It is to Alan Bennett, of "Beyond the Fringe" fame, that I am indebted for a recent reminder that the dreadful query from restaurant staff, "Are you still working on that?" has not always been with us.
The New Yorker ran a "Talk of the Town" interview with him a couple of weeks back. The conversation turned to the subject of differences between British English and the American idiom. He observed, "The American phrase 'Are you still working on that?' for instance. Where did that come from? You hear it every day now in restaurants and on planes, and I'm sure you didn't hear it ten years ago."
I hope he's right. If the phrase arrived at some point in the recent past, we may cherish some hope it may go away in the near future.
"Are you still working on that?" is a phrase that hit me on my return to North America in 1998 after a few years in Germany. In Europe the protocol of "closing up" knife and fork on the plate to signal "I'm finished" seems to be more widely practiced and understood.
In North America, on the other hand, I have sometimes been tempted to use knife and fork to fend off a waiter by resorting to a bit of minor swordplay: "Away, thou varlet!"
I'm not the only one to take issue with AYSWOT. Boston Globe columnist Ellen Goodman has speculated that the use of the phrase is connected with the general American work ethic: "Americans do have a stunning capacity for turning everything into work. If you don't believe that, think about the waiters everywhere who approach your table with the inevitable question: 'Are you still working on that?' They make it sound as if chewing pasta was an onerous job to complete."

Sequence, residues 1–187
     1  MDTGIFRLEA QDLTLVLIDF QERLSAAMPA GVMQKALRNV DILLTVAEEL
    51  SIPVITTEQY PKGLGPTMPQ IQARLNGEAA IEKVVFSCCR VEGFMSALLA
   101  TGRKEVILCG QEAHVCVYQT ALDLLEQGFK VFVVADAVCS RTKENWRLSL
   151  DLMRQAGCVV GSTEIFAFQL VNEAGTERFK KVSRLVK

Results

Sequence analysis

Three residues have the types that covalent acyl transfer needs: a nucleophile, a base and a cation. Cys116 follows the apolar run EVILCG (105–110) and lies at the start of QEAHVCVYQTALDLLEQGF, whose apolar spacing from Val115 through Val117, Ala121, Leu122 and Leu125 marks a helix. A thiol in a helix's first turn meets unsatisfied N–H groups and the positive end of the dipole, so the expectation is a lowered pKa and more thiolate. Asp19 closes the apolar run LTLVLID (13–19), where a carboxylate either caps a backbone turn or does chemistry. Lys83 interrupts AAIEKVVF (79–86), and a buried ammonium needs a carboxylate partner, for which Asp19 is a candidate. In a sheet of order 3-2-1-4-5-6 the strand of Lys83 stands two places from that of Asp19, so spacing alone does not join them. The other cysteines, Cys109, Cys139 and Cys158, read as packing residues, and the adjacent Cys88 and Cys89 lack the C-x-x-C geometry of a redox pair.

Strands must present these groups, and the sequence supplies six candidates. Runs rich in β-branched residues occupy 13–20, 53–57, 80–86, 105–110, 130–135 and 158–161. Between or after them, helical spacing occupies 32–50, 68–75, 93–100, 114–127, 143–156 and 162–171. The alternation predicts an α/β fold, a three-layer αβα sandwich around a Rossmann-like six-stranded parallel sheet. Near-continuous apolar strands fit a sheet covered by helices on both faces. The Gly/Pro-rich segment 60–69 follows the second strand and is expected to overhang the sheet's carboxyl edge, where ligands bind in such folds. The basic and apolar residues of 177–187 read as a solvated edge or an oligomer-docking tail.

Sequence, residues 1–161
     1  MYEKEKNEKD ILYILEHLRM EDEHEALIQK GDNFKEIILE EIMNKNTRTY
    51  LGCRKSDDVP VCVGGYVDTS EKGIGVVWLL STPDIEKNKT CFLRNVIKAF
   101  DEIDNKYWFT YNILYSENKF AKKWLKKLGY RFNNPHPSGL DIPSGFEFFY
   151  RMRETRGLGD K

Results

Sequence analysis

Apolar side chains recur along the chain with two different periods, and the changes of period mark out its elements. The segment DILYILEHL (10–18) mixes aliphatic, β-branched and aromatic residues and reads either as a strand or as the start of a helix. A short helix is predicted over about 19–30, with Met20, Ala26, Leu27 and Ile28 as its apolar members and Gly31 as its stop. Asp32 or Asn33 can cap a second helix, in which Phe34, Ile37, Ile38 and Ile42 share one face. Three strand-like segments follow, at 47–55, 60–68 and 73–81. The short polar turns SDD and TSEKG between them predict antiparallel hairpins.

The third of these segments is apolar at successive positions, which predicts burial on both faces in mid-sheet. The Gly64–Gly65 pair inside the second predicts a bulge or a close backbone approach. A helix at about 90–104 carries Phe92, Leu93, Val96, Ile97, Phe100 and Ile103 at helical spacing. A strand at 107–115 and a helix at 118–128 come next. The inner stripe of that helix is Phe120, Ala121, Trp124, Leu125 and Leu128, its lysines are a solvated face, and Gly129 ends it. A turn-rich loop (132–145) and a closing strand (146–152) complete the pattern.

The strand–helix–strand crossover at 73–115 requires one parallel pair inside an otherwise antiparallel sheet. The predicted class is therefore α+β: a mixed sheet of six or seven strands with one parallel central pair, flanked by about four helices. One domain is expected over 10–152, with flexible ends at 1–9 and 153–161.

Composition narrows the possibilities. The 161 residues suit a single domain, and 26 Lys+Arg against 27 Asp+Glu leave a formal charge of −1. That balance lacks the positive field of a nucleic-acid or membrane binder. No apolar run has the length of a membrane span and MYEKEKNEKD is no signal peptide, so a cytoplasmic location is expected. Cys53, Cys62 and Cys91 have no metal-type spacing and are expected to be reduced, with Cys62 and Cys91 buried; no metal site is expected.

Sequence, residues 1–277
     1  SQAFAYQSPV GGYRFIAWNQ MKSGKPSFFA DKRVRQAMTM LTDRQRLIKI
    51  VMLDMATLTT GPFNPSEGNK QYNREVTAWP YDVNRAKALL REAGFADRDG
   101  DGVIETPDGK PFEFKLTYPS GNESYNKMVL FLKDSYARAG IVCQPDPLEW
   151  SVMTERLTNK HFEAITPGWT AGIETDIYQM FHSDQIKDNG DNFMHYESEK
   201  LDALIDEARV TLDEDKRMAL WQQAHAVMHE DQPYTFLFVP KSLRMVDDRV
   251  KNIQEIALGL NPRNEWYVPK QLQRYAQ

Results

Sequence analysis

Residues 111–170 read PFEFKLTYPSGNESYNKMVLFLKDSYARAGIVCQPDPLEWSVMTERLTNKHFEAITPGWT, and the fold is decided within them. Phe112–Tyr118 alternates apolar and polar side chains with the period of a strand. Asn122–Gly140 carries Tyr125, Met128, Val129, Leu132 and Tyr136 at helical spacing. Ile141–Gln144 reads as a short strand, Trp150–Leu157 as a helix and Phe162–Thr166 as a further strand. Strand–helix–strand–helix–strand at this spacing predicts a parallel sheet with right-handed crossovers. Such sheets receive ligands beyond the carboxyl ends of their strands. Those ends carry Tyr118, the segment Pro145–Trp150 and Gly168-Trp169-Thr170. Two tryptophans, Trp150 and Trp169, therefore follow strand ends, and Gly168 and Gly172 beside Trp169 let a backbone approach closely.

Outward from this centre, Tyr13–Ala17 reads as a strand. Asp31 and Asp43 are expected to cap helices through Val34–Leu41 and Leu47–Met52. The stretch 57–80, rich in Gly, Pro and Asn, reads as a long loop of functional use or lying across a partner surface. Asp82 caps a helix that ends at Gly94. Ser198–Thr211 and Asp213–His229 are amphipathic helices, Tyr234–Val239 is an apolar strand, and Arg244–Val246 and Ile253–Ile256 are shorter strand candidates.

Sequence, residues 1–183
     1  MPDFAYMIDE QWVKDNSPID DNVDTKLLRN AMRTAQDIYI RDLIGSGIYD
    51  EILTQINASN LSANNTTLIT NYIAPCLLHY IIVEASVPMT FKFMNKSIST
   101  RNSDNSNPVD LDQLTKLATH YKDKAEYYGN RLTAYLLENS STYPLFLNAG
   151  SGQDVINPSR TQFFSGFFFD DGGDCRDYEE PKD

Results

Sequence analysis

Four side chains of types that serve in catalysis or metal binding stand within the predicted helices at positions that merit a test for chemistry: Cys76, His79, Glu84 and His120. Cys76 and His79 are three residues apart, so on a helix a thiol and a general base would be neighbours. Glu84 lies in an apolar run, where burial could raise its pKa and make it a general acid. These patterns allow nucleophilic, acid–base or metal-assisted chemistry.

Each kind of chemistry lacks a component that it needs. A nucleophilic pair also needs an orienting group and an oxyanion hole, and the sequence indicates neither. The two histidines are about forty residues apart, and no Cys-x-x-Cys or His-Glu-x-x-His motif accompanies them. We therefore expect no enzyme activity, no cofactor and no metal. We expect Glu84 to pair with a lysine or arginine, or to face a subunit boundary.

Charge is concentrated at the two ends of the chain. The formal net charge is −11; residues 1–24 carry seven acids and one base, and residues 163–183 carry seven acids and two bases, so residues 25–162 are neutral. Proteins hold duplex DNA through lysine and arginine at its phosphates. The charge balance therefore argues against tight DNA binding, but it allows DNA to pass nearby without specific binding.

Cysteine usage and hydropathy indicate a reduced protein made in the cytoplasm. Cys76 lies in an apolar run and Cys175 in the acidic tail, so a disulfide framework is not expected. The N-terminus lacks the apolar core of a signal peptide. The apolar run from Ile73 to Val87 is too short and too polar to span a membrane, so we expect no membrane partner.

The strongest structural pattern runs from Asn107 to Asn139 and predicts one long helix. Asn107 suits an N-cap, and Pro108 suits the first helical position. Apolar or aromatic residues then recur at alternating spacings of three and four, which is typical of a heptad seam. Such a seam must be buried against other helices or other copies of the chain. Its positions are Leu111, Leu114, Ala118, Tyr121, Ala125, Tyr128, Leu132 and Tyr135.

A columnist for Silicon Valley's Metroactive.com discovered that it took a trip to Italy to make her realize what she found wanting in restaurant service at home: "Why do waitresses, like some dentists, wait until your mouth is full to swoop by and suddenly ask whether 'everything's all right'? Nobody feels especially happy about having to smile and nod and respond, all while sitting across from someone he or she hopes to charm and impress, with a mouth full of gooey pasta or dripping with a froth of crème brûlée."
Heartening though I find it to have commiserators on the AYSWOT question, what really caught my attention in the Bennett interview was his larger point about a language and the society that speaks it. Or, as we might better say in the context of the distinction between British and American English, the connection between an idiom and the society that uses it.
The New Yorker interview also included this: "Of his ear for dialogue, Bennett said, 'I can't write about any place where I don't understand the social structure as it's expressed through the way people speak. I can write in posh, public-school English, because it's what I grew up hearing in cinemas. But I can't write in American, though it fascinates me.' "
The AYSWOT dialogue is rooted in the conditions of the typical industrial-scale mid-market American restaurant experience: high volume, huge portions, relatively low prices, and high turnover of tables. (I can think of at least two popular national restaurant chains with "factory" in their names.)
But I think Ellen Goodman may be right that the actual verbalization of this question, the choice of words spoken, says something about the work ethic in America - just as the "posh" talk Bennett learned at the cinema reflected the structure of British society.
I could ponder this further, I suppose, but I think I'd better wrap this piece up. I've just had a check-in call from my editor.
She wanted to know, "Are you still working on that?"
• This weekly column appears with links at http://weblogs.csmonitor.com/verbal_energy.